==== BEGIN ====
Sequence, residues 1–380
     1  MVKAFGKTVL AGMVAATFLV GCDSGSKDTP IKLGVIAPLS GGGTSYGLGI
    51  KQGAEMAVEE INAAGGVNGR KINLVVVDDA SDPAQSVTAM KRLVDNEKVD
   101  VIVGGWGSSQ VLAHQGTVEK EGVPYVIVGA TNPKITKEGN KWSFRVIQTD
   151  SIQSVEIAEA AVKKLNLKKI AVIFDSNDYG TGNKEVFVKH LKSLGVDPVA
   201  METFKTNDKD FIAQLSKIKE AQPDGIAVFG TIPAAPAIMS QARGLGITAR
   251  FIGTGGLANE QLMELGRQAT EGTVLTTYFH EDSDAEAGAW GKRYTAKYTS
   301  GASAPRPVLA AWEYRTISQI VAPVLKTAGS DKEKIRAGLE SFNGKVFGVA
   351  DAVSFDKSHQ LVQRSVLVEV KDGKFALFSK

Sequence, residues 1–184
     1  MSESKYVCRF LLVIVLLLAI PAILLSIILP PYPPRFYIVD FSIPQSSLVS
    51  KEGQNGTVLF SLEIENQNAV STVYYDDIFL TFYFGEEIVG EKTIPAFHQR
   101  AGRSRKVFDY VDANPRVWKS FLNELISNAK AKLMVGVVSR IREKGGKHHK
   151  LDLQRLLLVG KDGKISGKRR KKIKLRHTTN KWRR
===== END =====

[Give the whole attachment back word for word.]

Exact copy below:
Sequence, residues 1–380
     1  MVKAFGKTVL AGMVAATFLV GCDSGSKDTP IKLGVIAPLS GGGTSYGLGI
    51  KQGAEMAVEE INAAGGVNGR KINLVVVDDA SDPAQSVTAM KRLVDNEKVD
   101  VIVGGWGSSQ VLAHQGTVEK EGVPYVIVGA TNPKITKEGN KWSFRVIQTD
   151  SIQSVEIAEA AVKKLNLKKI AVIFDSNDYG TGNKEVFVKH LKSLGVDPVA
   201  METFKTNDKD FIAQLSKIKE AQPDGIAVFG TIPAAPAIMS QARGLGITAR
   251  FIGTGGLANE QLMELGRQAT EGTVLTTYFH EDSDAEAGAW GKRYTAKYTS
   301  GASAPRPVLA AWEYRTISQI VAPVLKTAGS DKEKIRAGLE SFNGKVFGVA
   351  DAVSFDKSHQ LVQRSVLVEV KDGKFALFSK

Sequence, residues 1–184
     1  MSESKYVCRF LLVIVLLLAI PAILLSIILP PYPPRFYIVD FSIPQSSLVS
    51  KEGQNGTVLF SLEIENQNAV STVYYDDIFL TFYFGEEIVG EKTIPAFHQR
   101  AGRSRKVFDY VDANPRVWKS FLNELISNAK AKLMVGVVSR IREKGGKHHK
   151  LDLQRLLLVG KDGKISGKRR KKIKLRHTTN KWRR